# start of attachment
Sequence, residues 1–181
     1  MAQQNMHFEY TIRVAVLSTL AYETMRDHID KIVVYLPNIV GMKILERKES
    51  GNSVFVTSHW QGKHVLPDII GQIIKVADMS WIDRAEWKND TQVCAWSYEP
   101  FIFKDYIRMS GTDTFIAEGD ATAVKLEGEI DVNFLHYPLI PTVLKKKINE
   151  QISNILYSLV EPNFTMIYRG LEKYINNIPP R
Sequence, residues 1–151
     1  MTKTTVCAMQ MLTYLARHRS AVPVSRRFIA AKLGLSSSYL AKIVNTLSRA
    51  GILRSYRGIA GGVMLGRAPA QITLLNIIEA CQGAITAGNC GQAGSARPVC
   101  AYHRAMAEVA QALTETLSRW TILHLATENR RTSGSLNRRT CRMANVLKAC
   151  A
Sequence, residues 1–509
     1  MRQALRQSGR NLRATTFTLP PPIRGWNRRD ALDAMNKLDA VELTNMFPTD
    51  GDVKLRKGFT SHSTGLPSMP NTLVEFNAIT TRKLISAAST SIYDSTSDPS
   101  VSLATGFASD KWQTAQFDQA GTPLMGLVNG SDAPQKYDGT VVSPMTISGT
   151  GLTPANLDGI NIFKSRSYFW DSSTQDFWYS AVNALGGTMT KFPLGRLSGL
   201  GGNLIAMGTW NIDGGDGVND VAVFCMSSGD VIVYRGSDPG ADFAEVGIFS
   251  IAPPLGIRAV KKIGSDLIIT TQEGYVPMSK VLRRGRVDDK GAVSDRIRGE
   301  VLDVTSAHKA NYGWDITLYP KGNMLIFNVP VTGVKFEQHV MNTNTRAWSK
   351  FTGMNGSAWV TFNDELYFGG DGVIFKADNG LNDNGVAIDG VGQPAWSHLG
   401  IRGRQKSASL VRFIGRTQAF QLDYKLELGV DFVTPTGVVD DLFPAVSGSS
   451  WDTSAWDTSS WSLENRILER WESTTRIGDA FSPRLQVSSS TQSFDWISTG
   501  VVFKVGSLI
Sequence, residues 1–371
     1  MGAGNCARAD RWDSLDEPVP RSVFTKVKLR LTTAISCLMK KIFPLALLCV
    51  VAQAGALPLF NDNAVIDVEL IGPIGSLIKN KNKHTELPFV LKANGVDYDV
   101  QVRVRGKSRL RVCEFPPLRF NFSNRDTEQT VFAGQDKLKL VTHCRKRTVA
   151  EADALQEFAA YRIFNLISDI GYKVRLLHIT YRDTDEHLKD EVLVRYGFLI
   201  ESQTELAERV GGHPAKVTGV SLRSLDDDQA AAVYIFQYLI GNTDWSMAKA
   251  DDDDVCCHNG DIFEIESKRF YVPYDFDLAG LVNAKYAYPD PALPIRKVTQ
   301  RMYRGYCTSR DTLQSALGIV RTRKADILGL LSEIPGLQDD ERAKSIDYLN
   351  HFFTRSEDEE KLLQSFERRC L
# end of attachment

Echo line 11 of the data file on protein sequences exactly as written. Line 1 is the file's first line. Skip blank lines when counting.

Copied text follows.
Sequence, residues 1–509